Free United States Flags for Schools

Some people reading and using laptop computer inside library.jpg

A flagpole flying a bright United States flag is a prominent landmark at most U.S. schools. But with a flag flying every day, the weather takes its toll. The same is true for classroom flags that fade over time or get damaged or misplaced. But there are ways for schools, especially cash-strapped public schools, to get free U.S. flags. Local businesses, flag companies and patriotic service clubs are three groups to appeal to when looking to spruce up the stars and stripes on your campus.

1 Service Clubs

Your local Masonic Lodge, American Legion post or similar service organization can be a great resource for free school flags. You can appeal directly to local branches or chapters of groups such as the Daughters of the American Revolution or seek help from the national headquarters of these and other patriotic organizations. Inviting members of these service clubs to the school for assemblies about flag etiquette or to mark Veterans Day could inspire them to be even more enthusiastic about helping out.

2 Adopt a School Flagpole

The family-owned company Franklin Flags has operated its "Adopt a School Flagpole" program since 2008. Donations to the program help keep it running. In general, the program is for large outdoor flags, typically to replace faded or torn flags that are ready to be retired. But Franklin Flags also helps with classroom flags and small, handheld flags, too. You can start by contacting the Massachusetts-based company to explain your school's needs.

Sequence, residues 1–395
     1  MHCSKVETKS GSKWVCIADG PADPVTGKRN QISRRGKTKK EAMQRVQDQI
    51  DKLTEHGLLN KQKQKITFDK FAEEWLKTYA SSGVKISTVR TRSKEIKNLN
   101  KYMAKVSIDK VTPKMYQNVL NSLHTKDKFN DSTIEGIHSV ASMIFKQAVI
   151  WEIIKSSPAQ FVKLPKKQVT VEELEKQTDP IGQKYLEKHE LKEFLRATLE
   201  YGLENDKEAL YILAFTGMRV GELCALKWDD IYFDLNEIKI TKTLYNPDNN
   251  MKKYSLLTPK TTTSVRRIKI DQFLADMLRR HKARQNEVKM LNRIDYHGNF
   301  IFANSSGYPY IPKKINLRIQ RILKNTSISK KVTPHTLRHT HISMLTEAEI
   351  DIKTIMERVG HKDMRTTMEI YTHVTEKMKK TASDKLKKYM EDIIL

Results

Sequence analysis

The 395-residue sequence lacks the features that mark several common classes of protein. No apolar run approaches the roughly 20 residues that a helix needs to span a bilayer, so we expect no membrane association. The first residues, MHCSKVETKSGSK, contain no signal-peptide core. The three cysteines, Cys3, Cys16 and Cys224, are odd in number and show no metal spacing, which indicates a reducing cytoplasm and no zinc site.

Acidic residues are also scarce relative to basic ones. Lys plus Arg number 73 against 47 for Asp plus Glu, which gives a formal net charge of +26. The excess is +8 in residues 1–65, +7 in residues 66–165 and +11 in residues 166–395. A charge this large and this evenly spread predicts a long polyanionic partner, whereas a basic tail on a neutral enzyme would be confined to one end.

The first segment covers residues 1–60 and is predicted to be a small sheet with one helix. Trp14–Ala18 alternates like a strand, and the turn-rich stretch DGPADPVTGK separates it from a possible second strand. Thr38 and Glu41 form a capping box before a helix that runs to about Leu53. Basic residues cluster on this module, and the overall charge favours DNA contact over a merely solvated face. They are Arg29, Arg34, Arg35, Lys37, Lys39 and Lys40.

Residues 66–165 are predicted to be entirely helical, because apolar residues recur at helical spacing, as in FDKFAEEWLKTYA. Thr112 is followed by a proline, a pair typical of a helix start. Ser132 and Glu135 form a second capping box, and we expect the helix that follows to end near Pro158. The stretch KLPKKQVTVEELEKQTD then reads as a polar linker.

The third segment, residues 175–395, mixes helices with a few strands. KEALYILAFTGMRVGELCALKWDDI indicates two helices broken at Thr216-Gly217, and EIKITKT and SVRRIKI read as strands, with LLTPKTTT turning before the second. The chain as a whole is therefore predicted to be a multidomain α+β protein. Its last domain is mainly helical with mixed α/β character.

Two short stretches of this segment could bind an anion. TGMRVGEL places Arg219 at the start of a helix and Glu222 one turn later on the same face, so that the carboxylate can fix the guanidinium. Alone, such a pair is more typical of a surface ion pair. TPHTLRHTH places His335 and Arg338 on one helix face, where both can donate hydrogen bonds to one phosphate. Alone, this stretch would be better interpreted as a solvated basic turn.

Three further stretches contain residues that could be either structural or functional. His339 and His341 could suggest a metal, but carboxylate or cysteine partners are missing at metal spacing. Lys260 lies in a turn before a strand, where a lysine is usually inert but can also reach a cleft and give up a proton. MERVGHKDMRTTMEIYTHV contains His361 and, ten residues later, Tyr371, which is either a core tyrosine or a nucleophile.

3 Community Business Partners

Schools work with local businesses on a variety of fundraisers and projects throughout the school year. Many local businesses are happy to partner with community schools. It's good advertising and provides the businesses with charitable donations that can be used to reduce tax bills. If your school needs a big flag for the flagpole or classroom flags, appeal to a local business or two to see if it can help get those flags at no cost to the school. Local flag and banner stores may also offer deals to school districts in exchange for some free advertising on a flagpole, for example.

4 Working with Donors

A heartfelt letter from a school principal, accompanied by a photo of a faded American flag, is a good way to approach businesses or service clubs about getting a free flag. A hand-written letter from a student or from an entire class, along with pictures of the kids, can also be an effective way to get someone's attention. Of course, a handwritten thank-you note from the students and school administration is a must after a free flag arrives.

James Roland started writing professionally in 1987. A former reporter and editor with the "Sarasota Herald-Tribune," he currently oversees such publications as the "Cleveland Clinic Heart Advisor" and UCLA's "Healthy Years." Roland earned his Bachelor of Science in journalism from the University of Oregon.